Recently several reports heralded Syrian plans to renew negotiations with Israel; most prominent and most specific among them was the account by the United Nations Middle East envoy, Terje Larsen, of his conversation with Syrian President Bashar al Assad. Simultaneously, in early August tensions arose along the Lebanese-Israeli border, as Hezbollah attacked an outpost on the Israeli side of the border and intensified its anti-aircraft fire in a fashion designed to cause harm to towns and settlements in northern Israel.
This pattern is hardly surprising. For many years now rhetoric of peace and an exacerbation of violence have come together, intermingled, in the tortuous history of Israeli-Syrian diplomacy and fighting by proxy along the Israeli-Lebanese border.
Let us begin with an examination of the prospects for an effort to renew Israeli-Syrian negotiations. There are three parties to any such new endeavor--Israel, Syria and the United States. Of the three, two are not interested at present. Israeli Prime Minister Ariel Sharon, unlike his four predecessors, does not hold a preference for a "Syria first" policy. Prime ministers Rabin, Peres, Netanyahu and Barak all held the view that it was preferable for Israel to first conclude an agreement with Syria so that they could then negotiate with the Palestinians with a stronger hand. They all saw the Israeli-Syrian conflict as easier to resolve, and regarded President Hafez al Assad as a better partner than Yasir Arafat.
But in the meantime Hafez al Assad died, and his son and successor is perceived as weak and immature, certainly not the challenging but promising partner that his father was. Furthermore, Ariel Sharon is not interested in a deal with Syria and in the price tag that it is bound to exact--a complete withdrawal from the Golan Heights. He is fully focused on his conflict with the Palestinians and, in his view, the crowning achievement of his tenure would be an interim agreement with the Palestinians that would put an end to the current crisis. Additional negotiations with Syria would impose another heavy load on his agenda and would entail concessions that he is not willing to make.
A similar change has taken place in Washington. For eight years, the Clinton administration's policy towards the Arab-Israel conflict rested on the assumption that an Israeli-Syrian agreement was the best premise for a larger Israel-Arab agreement. The Bush administration began its term of office with a reluctance to engage in Arab-Israel diplomacy. It was dragged into a high profile involvement in Arab-Israel affairs, but would like to limit it to the Palestinian-Israeli conflict. Its view of Bashar al Assad and his regime is critical and hostile. From the Bush administration's perspective, Damascus lies perilously close to the "axis of evil": it is a potential target for Washington's wrath and certainly not a candidate for diplomatic munificence.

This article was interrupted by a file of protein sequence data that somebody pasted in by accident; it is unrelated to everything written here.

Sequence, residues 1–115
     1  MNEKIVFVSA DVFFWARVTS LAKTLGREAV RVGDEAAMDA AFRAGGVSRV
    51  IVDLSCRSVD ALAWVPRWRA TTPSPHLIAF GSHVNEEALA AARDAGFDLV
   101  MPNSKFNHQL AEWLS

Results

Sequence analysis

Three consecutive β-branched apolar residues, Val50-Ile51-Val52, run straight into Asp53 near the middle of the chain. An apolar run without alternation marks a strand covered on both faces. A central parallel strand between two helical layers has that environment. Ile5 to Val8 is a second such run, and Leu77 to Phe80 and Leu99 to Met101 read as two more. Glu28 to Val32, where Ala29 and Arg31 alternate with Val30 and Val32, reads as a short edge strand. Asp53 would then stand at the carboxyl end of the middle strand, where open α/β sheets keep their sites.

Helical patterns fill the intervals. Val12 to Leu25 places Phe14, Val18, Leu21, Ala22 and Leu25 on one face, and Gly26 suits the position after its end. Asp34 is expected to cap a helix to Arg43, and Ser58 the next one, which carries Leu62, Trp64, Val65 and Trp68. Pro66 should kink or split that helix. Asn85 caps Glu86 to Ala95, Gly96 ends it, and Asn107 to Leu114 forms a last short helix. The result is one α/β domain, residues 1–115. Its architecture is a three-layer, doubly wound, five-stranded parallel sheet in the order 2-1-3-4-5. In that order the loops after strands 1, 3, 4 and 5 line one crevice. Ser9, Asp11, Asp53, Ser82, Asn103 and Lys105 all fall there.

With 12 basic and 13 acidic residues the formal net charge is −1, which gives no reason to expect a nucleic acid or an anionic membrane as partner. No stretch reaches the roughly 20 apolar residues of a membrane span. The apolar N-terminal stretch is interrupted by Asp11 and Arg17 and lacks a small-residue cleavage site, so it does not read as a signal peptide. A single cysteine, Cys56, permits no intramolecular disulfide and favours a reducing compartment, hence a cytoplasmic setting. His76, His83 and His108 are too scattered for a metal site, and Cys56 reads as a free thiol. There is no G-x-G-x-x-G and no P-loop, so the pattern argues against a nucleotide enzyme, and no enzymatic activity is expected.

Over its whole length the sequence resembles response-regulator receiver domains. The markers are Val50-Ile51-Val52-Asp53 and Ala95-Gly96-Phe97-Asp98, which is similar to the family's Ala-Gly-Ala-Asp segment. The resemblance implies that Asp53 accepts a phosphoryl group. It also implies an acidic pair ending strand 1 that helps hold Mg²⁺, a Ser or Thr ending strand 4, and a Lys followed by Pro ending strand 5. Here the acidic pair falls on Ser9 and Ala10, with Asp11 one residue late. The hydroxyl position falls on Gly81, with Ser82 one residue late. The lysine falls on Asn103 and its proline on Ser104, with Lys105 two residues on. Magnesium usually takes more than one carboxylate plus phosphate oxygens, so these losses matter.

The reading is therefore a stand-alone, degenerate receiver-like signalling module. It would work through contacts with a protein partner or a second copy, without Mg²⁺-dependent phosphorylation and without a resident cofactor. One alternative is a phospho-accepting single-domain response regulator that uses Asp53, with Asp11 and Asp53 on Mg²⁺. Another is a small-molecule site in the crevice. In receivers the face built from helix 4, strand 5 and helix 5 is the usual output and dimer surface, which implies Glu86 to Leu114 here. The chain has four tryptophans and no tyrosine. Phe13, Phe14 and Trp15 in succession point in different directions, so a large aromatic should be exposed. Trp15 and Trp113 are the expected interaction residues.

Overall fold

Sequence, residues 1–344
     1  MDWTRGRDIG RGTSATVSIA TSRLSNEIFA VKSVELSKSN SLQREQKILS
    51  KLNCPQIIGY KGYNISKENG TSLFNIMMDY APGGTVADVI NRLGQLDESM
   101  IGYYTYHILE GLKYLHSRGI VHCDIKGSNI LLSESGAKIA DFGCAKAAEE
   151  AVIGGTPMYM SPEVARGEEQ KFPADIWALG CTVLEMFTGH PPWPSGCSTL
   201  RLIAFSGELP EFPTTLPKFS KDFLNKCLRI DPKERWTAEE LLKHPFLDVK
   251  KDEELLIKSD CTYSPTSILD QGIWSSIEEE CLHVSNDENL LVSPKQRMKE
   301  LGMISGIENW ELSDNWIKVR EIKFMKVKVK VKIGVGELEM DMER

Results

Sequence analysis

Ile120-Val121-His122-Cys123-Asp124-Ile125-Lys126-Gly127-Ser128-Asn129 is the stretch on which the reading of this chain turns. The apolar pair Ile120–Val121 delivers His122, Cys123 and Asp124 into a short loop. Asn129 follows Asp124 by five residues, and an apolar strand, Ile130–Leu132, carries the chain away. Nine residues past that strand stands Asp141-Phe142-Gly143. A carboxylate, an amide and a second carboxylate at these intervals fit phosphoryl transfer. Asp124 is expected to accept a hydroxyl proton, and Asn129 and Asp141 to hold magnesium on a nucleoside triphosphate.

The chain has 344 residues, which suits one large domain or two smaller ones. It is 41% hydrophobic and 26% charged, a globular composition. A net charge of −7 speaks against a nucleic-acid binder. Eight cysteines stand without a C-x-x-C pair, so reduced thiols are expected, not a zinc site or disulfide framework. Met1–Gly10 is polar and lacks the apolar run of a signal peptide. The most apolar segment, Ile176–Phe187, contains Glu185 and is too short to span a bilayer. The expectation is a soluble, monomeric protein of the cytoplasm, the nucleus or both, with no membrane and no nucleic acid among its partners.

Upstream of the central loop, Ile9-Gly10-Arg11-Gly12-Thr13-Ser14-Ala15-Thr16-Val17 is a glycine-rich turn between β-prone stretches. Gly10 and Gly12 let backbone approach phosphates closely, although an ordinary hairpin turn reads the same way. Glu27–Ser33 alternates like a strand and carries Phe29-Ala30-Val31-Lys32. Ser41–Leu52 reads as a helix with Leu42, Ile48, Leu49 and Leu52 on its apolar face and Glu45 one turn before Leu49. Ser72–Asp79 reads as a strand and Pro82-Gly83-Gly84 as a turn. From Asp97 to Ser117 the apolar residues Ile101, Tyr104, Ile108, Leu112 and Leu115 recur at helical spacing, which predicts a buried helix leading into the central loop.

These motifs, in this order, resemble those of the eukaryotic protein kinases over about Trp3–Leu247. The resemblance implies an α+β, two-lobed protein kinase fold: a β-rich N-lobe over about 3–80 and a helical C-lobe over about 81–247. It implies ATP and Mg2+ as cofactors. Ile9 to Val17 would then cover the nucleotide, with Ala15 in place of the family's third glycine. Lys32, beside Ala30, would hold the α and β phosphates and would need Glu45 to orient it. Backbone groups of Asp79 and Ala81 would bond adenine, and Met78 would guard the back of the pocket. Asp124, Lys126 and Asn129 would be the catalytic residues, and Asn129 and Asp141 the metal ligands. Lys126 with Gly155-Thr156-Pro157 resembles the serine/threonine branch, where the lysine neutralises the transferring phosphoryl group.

This state of affairs is precisely one of Syria's motivations for seeking to renew negotiations with Israel, or at least to create the background noises of such diplomacy. It wants to improve its relationship with Washington and wants to be perceived as a serious candidate for peace coalitions and not for the axis of evil.
On a deeper level, Syria cannot afford to remain outside the Middle East diplomatic game. By now all other participants in the 1967 Arab defeat have either regained territory or are engaged in a process that should accomplish that aim--Egypt, Jordan and the Palestinians. Even Lebanon, Syria's protégé, can now boast of Israel's withdrawal to the international boundary. For the past 35 years, the Baath regime could always explain to its constituency that it was either fighting to regain land or negotiating for it. But since the war in Iraq, Syria has been threatened by Washington and told to cease its support for Hezbollah, its proxy in South Lebanon in the armed conflict against Israel. It is thus neither fighting nor talking.
The recent surge of increased violence in South Lebanon may very well be a Syrian attempt to open a safety valve in order to release some of the pressure, as well as an attempt to signal to Washington that in the absence of any diplomatic progress, Damascus will have no choice but to use Hezbollah in order to generate new tensions along the Israeli-Lebanese border. At the same time, Syria has not taken any real measures to put an end to the activities of the rejectionist Palestinian organizations in Damascus and, together with its ally, Iran, is responsible for the activities of such organizations as Hamas and Islamic Jihad that threaten the fragile truce between Israel and the Palestinians.
This state of affairs presents both Jerusalem and Washington with new challenges. Israel needs to find a way of attaining peace and quiet in northern Israel without being dragged into a new cycle of violence along its border with Lebanon. Washington, assuming it does not want to provide Damascus with a diplomatic outlet, needs to reestablish its deterrence and to keep Bashar al Assad and his regime at bay.-Published 21/8/2003©bitterlemons-international.org